Years later the three children of the Princes erected a cenotaph for their parents in Rose Hill Cemetery in Macon.  The cenotaph is still there, although it has fallen over and now lies flat on the earth, face up.  Paraphrasing from the Bible (2 Samuel 1: 23), the following inscription has been carved into the upper half of the marble slab: “OLIVER HILLHOUSE PRINCE and MARY R. PRINCE, who perished in the wreck of the steamship ‘Home.’  ‘They were lovely and pleasant in their lives and in their death they were not divided.’”  Near the bottom is inscribed: “This tablet is erected to perpetuate the beloved memory of our parents by their bereaved and sorrowing children.”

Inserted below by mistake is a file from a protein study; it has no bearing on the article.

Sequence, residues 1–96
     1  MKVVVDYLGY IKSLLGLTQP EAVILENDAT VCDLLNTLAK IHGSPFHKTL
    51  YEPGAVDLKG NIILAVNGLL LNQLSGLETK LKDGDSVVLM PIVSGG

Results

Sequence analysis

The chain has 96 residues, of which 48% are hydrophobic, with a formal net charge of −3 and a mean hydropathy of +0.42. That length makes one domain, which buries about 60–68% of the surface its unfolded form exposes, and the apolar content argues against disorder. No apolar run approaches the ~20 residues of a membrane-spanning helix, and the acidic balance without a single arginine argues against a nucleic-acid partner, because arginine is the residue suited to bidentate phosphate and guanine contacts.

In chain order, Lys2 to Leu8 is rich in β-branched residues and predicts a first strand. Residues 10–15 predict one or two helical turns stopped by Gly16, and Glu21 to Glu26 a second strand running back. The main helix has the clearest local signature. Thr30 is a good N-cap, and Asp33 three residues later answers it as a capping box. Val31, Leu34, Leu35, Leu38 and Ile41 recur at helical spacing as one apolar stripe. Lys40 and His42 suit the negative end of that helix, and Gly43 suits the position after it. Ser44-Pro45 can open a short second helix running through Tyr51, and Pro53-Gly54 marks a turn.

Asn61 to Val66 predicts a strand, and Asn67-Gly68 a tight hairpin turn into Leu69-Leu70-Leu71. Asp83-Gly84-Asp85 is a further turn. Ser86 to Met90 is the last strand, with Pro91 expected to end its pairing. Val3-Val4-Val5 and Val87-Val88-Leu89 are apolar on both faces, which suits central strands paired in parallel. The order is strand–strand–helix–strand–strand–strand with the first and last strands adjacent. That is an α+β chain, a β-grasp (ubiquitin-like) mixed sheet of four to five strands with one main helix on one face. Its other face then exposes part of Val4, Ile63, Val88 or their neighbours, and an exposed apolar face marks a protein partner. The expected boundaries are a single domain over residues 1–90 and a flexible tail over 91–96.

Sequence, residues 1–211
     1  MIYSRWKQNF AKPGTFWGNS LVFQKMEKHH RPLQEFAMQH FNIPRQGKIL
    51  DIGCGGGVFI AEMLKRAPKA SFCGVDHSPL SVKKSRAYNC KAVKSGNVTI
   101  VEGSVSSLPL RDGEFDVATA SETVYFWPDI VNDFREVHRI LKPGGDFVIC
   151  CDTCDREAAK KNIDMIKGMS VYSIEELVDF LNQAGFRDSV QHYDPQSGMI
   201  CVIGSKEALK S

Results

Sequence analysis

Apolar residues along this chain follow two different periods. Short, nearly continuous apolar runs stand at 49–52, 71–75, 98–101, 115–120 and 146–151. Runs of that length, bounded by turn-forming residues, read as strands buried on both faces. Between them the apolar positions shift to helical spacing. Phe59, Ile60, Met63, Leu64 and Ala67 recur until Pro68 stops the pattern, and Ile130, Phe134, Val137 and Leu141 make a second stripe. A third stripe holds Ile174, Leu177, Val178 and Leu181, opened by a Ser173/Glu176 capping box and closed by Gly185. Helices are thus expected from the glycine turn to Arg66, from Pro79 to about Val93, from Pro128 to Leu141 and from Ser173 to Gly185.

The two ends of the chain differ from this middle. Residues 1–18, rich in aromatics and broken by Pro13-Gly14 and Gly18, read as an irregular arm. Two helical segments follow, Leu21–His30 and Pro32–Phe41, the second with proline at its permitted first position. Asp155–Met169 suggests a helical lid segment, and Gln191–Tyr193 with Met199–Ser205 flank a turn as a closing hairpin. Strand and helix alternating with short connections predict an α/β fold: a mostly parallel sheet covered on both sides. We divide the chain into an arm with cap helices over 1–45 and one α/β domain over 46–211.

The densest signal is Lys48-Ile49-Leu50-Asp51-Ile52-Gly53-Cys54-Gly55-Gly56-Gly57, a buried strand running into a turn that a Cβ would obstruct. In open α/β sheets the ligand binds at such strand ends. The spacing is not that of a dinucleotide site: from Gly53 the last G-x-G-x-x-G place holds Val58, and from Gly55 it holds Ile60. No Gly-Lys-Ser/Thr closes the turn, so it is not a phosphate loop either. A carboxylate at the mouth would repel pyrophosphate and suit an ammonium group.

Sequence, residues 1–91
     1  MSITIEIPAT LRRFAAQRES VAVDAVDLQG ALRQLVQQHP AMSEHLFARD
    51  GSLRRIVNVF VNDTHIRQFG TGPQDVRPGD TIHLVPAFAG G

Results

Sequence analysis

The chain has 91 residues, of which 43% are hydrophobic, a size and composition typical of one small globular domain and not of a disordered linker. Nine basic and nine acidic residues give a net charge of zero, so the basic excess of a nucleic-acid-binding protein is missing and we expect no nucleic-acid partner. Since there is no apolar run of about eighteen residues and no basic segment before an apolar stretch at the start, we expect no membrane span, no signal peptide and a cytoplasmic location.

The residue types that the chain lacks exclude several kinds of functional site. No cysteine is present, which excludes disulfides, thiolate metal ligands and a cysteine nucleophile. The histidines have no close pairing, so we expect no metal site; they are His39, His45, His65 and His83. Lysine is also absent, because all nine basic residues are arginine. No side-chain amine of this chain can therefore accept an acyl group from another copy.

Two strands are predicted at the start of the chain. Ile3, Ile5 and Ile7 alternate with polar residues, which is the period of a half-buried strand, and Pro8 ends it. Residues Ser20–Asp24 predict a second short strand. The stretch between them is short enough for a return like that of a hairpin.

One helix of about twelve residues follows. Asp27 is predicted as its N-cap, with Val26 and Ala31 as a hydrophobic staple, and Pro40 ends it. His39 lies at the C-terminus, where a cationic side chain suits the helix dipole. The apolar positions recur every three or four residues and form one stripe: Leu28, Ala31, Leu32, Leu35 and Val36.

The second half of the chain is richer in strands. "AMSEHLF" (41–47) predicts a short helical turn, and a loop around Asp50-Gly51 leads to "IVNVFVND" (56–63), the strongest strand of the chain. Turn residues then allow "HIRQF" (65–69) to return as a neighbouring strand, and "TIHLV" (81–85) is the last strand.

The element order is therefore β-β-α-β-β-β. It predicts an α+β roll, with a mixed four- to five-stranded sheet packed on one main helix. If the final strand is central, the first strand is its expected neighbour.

In an Athens newspaper article intended to resuscitate the memory of Oliver Prince and published many years ago, John A. Cobb wrote: “There are too many instances in our history of achievements of men, of whose memories we should feel proud, [who] are allowed to pass into oblivion ....”

The present article on the eponymous Mr. Prince has been written with the same purpose as Cobb’s old article: “to revive with the living the memories of the dead ... that the dead may not, amid the exigencies of busy life, be entirely forgotten.”  The present author will have succeeded, therefore,  if, the next time you drive down Prince Avenue, you remember something about the almost totally forgotten Oliver Hillhouse Prince--you recollect, for example, that, incredibly, the street you are on was named for the Athenian who was plagiarized by Thomas Hardy!